Marla Rose
5 min readJul 5, 2019


10 Questions: Everyday Vegan Changemaker with Michael Harren

Composer, musician, performer and activist Michael Harren is such a talented and powerful voice for the animals, reminding us that living more compassionately is always within reach. His music — hypnotic and evocative but invigorating and always thought-provoking — is available on all music streaming platforms, but I especially recommend checking out his The Animal Book, which is the book that accompanies his album, The Animal Album, and was produced with the multi-media performance piece he created and has performed since 2016, The Animal Show, inspired by his time as artist-in-residence at Tamerlaine Farm Animal Sanctuary. Michael is a great guy: humble, warm, funny, talented and down-to-earth. I am honored to feature him as this week’s Everyday Vegan Changemaker.

1. First of all, we’d love to hear your “vegan evolution” story. How did you start out? Did you have any early influences or experiences as a young person that in retrospect helped to pave your path?

I had a couple of evolutions, honestly. The first time I heard about people not eating animals was when I was in high school in the ’80s. I was a huge fan of Howard Jones and I read about his vegetarianism in a fan magazine. He had a song called “Assault and Battery” that was about animal rights. It wasn’t until I graduated from high school in 1987 that I made the switch to vegetarianism and started doing animal activism. That lasted for about a year or so until my interests turned to drinking and drugs. The more I lost myself in that life, the less I cared about anything or anyone else. I started eating animals again probably in 1990. I remember the moment I first ate a chicken again and telling my friend, “I just don’t care anymore.”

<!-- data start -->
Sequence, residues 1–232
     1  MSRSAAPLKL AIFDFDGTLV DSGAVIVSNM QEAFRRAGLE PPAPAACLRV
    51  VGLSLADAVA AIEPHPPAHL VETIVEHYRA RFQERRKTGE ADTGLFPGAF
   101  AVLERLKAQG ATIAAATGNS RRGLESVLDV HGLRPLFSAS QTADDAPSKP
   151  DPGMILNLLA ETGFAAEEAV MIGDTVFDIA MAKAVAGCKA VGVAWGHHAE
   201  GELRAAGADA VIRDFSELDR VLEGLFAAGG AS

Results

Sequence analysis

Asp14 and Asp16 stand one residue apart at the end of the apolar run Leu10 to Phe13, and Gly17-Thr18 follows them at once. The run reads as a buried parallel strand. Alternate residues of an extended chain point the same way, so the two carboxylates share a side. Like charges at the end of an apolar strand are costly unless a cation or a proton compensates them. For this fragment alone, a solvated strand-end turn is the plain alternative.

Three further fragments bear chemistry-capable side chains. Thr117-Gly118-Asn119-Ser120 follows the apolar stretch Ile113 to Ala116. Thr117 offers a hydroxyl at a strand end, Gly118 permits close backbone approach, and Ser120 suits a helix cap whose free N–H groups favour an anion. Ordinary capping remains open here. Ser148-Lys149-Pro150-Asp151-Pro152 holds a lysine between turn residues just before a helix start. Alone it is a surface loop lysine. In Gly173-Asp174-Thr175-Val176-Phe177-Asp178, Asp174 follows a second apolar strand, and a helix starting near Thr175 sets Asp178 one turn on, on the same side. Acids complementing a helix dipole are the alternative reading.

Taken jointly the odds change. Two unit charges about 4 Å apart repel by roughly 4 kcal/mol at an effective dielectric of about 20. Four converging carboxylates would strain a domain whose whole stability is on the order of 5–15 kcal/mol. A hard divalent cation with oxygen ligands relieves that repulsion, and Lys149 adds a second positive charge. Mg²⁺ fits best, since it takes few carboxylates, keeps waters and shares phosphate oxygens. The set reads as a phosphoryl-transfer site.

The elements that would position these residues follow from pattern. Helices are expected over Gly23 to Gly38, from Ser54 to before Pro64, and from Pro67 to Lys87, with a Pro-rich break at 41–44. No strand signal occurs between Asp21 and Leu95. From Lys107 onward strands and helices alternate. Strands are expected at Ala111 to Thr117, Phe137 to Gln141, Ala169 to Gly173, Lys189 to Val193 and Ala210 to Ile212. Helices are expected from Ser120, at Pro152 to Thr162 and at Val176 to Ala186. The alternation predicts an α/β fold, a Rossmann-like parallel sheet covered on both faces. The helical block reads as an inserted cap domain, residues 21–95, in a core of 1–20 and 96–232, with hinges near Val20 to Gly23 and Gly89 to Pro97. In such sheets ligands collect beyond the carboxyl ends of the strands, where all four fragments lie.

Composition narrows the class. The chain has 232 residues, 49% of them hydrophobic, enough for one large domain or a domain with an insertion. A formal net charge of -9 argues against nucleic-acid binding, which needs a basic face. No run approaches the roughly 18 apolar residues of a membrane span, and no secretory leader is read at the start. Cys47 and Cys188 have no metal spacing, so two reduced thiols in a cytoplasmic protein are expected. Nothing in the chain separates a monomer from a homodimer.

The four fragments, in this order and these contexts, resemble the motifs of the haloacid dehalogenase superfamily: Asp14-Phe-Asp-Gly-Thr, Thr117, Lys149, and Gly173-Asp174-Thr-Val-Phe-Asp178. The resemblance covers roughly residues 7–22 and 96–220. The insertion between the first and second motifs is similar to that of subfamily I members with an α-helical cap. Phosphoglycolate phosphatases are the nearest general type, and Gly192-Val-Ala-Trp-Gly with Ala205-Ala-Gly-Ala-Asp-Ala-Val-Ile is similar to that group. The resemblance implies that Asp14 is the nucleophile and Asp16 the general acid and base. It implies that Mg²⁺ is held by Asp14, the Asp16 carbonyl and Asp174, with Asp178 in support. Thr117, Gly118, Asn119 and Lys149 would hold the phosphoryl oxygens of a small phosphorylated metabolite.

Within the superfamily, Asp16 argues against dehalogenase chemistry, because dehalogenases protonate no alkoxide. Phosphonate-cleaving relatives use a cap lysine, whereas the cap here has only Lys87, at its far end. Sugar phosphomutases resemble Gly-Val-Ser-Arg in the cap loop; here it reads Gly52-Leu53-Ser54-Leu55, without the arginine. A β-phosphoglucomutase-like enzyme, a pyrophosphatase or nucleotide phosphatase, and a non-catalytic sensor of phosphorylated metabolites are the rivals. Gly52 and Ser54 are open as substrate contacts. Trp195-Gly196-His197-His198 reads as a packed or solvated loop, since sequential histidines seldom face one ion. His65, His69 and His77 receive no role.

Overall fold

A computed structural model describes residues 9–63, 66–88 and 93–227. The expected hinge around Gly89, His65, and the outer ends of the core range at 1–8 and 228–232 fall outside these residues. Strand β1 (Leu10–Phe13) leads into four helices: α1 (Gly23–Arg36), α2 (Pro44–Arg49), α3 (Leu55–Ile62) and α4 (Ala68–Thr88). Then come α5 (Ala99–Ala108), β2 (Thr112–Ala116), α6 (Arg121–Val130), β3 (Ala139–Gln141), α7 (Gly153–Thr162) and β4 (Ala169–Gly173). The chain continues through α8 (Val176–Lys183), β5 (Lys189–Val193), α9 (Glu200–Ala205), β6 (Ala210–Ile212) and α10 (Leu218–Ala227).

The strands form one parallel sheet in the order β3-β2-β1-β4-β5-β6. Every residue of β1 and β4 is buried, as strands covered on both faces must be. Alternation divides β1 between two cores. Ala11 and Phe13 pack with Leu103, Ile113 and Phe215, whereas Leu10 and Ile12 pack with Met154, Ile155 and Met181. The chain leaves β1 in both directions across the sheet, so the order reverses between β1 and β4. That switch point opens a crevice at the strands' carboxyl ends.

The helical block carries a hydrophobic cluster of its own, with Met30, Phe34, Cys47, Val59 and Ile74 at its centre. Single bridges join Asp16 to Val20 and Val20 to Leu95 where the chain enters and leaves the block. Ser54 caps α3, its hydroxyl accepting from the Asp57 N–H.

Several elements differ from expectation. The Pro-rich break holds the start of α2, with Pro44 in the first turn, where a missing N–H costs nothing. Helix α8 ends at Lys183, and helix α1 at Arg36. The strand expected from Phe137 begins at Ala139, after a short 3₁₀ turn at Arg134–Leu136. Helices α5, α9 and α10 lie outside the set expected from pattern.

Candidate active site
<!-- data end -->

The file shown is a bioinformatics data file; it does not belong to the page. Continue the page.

I hit rock-bottom and sobered up in 1994, but it wasn’t until 2006 that I started thinking about animal rights again. I was interviewing some fur protesters for my podcast MikeyPod — at the time I was interviewing all kinds of activists. In an effort to connect with the four women I was interviewing, I said something like “Oh yeah, I used to be a vegetarian animal rights activist.”

I’ll never forget how shocked they looked. One of them said, “Used to be? What happened?!” I had absolutely no excuse. I started thinking about it again, and while it did take me a while, I finally went vegan for good on November 1, 2008 and I haven’t looked back! Incidentally that podcast interview is still up on my site. It’s a trip to listen to it now!

2. Imagine that you are pre-vegan again: how could someone have talked to you and what could they have said or shown you that could have been the most effective way to have a positive influence on you moving toward veganism?

To tell you the truth, I respond really well to aggressive “angry” vegans. On some level I have always known the truth about what happens to animals for us to eat their bodies and their secretions. I am kinda lazy, too, so when people babied me and told me it was okay to take baby steps, I just happily coasted along barely changing anything. It wasn’t until I heard an activist say “The animals don’t need your excuses, they need you to go vegan,” that I got it together and made the change.

So for pre-vegan me, I didn’t need anything sugar-coated. I would need to be sat down in front of Earthlings and told to get my shit together and stop funding this suffering. I know that approach isn’t for everyone, but I need to be smacked around a little.